Addressing Inequality: The Economist

As is now widely recognized, owners of capital have seen their income and wealth rise disproportionately to that of labor, although this is somewhat attenuated through adjustments due to declining marriage rates among the poor and tax adjustments (Economists are rethinking the numbers on inequality). Without a radical redistribution of wealth, the trend is likely to continue. In America the average income of the top 1% has risen by 242%, about six times the rise for middle-earners.

Some 51% of Americans aged 18-29 have a positive view of socialism, says Gallup. In the primaries in 2016 more young folk voted for Bernie Sanders than for Hillary Clinton and Donald Trump combined. Almost a third of French voters under 24 in the presidential election in 2017 voted for the hard-left candidate. (Millennial socialism, The Economist, 2/14/2019)

Andrew Yang’s $1,000 a month dividend would be welcome but it would do nothing to address the fact that invested funds are likely to continue to rise, disproportionately to wages and salaries paid to labor. The wealth disparity will continue to grow and most people will feel powerless.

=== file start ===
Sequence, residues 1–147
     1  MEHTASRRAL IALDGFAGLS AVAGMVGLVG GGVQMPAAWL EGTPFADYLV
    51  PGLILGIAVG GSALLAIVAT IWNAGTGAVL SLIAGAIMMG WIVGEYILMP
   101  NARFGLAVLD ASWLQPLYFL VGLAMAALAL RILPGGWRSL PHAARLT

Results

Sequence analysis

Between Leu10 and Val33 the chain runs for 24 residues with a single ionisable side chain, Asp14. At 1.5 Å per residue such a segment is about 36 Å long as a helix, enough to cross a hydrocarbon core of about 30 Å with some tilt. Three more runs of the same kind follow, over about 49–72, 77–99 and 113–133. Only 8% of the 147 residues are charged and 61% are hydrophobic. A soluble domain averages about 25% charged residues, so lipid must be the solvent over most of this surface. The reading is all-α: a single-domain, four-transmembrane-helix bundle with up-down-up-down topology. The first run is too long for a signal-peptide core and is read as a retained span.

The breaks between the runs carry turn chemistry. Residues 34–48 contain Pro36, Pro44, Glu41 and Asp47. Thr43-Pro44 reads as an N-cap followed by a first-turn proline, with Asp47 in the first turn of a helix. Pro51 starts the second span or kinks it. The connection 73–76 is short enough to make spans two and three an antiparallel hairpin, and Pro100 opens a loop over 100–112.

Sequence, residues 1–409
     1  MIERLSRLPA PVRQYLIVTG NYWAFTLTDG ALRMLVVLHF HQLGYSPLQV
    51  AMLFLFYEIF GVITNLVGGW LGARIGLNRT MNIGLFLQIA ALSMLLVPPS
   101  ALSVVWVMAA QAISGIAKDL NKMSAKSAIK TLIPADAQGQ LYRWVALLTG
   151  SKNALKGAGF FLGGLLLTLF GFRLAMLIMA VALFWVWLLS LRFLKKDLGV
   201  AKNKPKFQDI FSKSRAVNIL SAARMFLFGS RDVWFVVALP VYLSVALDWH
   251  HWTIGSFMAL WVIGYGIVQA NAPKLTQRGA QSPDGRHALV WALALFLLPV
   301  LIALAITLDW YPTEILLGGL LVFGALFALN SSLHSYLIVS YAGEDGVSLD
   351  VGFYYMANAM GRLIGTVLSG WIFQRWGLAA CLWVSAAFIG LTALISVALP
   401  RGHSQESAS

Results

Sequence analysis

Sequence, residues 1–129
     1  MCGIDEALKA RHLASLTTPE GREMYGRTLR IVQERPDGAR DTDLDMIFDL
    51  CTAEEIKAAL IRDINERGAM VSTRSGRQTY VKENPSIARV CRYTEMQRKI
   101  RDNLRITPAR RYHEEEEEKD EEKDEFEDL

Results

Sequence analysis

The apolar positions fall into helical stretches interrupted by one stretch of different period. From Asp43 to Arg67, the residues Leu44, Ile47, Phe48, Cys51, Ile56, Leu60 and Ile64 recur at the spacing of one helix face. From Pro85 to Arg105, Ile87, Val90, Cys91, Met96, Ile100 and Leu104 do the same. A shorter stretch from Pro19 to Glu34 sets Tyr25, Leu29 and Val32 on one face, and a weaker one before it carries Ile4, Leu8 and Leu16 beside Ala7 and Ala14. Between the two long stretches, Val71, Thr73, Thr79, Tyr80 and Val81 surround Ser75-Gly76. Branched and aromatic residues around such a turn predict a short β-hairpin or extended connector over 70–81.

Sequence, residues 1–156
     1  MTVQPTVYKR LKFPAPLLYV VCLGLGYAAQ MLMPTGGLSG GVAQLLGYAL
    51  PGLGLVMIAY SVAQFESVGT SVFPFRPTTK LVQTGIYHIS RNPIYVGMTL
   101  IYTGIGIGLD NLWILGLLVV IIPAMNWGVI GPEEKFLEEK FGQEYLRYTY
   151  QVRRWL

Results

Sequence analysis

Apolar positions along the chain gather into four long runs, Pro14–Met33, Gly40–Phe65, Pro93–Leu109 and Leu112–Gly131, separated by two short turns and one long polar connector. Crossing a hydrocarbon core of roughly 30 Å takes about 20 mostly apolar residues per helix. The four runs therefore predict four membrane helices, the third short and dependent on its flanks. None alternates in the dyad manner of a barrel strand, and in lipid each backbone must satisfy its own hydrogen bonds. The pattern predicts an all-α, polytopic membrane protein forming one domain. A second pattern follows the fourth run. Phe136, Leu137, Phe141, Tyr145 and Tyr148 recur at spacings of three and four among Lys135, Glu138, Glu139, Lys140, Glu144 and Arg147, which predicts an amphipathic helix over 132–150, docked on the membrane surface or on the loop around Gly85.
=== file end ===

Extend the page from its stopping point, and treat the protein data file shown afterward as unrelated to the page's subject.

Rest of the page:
Elizabeth Warren’s plan to allow workers to elect 40% of corporate board seats, combined with other mechanisms for redistributing wealth may reduce imbalances in wealth but would do little to provide mechanisms to connect worker representatives to workers without elaborate new systems of elections and other accountability mechanisms. (Read Paul Bernstein’s Workplace Democratization: Its Internal Dynamics for six “necessary” components.)

While The Economist agrees with the need for universal health care in the States and finds their willingness to challenge the status quo “refreshing,” the newspaper is wary of putting too much faith in government bureaucracy, lest it be captured by special interests, or in Warren’s wealth tax.